Alex Sims, 29, Stylist’s digital commissioning editor, hasn’t used cash for at least two years.

Day One

It has been so long since I last held any cash in my hands that I struggle to remember my PIN number as I get money out from the cash machine for this challenge. I take out £20, which turns out to be a wild underestimate for what I’ll go on to spend in a day.

My first hurdle comes when I try to get the train to work. Fumbling around in your purse for notes at a ticket machine at rush hour is a great way to annoy everyone in your near vicinity. It also costs far more than I realised. Immediately I spend £8.50 of my £20.

I’m also surprised by how much I spend on food during the day. After paying for my morning coffee and lunch I’m left with just £1.50 of the money I allocated for the day. It means I’m back at the cash machine withdrawing another £20 so I can join my colleagues for post-work drinks at the pub.  

Day One Breakdown

  • Train ticket: £8.50
  • Coffee: £2.50
  • Lunch: £7.50
  • Pub: £14

Total: £32.50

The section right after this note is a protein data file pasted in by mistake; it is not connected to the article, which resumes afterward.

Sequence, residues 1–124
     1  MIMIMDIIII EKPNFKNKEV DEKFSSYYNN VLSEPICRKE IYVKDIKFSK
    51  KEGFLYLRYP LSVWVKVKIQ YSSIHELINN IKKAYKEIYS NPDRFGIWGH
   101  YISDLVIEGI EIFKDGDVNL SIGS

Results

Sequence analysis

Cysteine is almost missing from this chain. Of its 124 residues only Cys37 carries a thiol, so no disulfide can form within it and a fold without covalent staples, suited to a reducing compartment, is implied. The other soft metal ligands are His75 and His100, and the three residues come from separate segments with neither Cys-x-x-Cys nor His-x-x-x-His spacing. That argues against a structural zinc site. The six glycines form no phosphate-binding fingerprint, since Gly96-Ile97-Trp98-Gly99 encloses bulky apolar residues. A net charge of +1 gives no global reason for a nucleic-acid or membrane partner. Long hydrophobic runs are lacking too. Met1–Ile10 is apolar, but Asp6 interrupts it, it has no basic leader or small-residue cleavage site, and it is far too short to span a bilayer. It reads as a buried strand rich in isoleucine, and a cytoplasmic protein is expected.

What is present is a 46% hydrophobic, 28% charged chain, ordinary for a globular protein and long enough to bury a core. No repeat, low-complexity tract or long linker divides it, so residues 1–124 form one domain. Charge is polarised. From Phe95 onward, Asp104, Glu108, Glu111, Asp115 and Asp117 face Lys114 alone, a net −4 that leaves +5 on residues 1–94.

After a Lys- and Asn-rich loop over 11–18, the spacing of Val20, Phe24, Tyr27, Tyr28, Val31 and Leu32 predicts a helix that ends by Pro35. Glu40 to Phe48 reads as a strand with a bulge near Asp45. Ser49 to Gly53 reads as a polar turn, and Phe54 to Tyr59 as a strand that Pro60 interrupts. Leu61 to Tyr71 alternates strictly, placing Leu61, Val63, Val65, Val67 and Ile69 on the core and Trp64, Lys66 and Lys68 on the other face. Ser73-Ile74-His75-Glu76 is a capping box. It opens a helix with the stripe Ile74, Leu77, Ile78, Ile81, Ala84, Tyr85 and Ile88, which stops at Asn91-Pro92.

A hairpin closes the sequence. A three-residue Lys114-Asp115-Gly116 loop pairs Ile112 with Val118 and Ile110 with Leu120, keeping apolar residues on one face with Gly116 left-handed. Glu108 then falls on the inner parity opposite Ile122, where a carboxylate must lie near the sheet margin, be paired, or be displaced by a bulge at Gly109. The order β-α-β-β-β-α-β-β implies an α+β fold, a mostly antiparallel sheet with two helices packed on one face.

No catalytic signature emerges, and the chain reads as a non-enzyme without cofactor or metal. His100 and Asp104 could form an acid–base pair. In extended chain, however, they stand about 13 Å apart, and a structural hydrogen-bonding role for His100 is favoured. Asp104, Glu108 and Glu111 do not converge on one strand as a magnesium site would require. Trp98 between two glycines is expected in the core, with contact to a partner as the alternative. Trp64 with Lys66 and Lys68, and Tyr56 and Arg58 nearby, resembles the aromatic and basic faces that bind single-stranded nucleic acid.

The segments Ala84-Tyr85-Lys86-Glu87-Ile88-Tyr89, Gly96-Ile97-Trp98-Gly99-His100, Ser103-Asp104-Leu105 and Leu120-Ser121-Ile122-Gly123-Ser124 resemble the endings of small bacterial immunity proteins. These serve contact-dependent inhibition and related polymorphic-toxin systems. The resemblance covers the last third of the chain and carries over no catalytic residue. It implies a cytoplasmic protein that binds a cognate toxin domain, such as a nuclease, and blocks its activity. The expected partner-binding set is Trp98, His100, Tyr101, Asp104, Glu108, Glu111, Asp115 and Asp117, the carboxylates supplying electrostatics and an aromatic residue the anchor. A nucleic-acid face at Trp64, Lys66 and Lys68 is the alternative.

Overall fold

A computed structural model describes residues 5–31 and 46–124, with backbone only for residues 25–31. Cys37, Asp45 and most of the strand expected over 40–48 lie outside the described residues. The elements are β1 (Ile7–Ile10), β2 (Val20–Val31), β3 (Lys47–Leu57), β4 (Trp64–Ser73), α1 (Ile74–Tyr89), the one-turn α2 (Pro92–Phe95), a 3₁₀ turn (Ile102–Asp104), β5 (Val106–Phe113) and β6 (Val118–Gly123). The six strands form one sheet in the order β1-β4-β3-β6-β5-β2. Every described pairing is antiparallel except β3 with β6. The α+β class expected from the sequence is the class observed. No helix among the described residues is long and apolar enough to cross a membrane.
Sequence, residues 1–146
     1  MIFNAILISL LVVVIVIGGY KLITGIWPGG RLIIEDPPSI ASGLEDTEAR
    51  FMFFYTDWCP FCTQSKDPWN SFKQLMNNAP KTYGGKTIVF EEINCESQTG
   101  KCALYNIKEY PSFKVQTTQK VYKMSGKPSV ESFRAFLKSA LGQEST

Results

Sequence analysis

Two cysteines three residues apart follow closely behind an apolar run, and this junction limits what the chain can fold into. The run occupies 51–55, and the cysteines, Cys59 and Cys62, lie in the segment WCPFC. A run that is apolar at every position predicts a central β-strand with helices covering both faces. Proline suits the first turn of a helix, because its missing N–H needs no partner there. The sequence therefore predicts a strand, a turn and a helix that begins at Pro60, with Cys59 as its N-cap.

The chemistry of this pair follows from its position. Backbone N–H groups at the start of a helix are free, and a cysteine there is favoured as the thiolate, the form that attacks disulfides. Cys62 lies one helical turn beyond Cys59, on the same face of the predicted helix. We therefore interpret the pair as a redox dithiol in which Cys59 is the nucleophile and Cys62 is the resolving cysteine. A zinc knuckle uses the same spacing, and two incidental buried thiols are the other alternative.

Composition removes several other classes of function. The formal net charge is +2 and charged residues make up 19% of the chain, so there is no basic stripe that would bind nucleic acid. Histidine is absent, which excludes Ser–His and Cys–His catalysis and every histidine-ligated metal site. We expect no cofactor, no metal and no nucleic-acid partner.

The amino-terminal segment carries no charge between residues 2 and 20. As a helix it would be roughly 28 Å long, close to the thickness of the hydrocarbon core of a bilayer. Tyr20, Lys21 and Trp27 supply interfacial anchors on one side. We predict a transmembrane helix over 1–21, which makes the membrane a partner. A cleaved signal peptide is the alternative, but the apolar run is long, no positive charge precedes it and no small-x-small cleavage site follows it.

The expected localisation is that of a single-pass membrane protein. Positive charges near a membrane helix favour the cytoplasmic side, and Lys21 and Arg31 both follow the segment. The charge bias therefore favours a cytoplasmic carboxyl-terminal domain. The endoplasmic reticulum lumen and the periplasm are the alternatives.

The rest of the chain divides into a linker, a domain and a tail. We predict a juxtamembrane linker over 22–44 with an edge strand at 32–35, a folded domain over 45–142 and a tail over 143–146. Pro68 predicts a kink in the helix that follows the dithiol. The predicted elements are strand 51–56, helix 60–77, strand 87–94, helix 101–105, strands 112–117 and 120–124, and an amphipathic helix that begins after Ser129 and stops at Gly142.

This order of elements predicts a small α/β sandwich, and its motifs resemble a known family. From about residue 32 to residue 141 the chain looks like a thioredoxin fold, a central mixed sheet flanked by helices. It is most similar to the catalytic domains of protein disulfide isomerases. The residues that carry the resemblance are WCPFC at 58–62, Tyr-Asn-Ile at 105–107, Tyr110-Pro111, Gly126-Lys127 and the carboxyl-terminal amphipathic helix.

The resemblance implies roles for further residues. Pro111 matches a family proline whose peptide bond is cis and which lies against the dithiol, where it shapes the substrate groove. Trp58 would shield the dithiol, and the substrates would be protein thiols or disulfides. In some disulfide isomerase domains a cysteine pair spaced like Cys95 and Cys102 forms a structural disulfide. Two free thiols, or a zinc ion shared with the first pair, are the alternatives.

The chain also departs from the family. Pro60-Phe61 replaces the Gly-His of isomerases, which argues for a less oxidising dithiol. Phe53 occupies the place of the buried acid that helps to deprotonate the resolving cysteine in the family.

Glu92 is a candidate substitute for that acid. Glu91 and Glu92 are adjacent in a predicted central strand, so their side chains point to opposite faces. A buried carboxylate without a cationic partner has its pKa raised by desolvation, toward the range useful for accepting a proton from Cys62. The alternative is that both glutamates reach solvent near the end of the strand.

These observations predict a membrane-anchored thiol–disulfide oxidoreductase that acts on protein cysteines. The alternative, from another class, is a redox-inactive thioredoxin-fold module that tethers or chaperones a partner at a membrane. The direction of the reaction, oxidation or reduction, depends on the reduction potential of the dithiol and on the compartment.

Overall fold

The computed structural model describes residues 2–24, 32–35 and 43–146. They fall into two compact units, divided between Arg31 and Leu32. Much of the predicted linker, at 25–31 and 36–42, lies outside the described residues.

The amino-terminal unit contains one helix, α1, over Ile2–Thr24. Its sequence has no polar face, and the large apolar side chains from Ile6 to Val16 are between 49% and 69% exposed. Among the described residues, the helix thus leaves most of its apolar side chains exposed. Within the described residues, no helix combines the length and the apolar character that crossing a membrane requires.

Day Two

After being shocked at the reality of just how much I spend each day, I start the second day of the challenge with a view of being more careful about my spending. 

I draw out £10 from the cash machine to cover my train ticket and then carefully organise what change I have leftover from the day before to buy lunch and a coffee.

It’s a sunny day so I decide to walk into central London on my way home from work. On the way, I pass Whistles and see a pair of trousers I’ve had my eye on for a while. I go in and try them on, but the thought of having to go to a cash machine and draw out £80 to buy them makes me think twice. I leave them and head home.

Day Two Breakdown

  • Train ticket: £8.50
  • Coffee: £2.50
  • Lunch: £6

Total: £17 

The verdict

Paying with cash has been so illuminating. I’ve realised there are so many everyday expenditures I don’t really register when I pay for them on my phone – like taking the train or buying my morning coffee.

There are so many times when I’ve looked at my bank balance at the end of the month and wondered, “Where has all my money gone?”, and after paying in cash it’s easy to see how little payments can really add up and leave my current account in a sorry state.

It’s also really made me pause and think twice about spending money when usually it’s all too easy to swipe my phone absentmindedly. Having days where I pay solely with cash is something I’ll try and do more in the future. Hopefully, it will help me be a more considered spender.  

Images: Getty; Lauren Geall; Alex Sims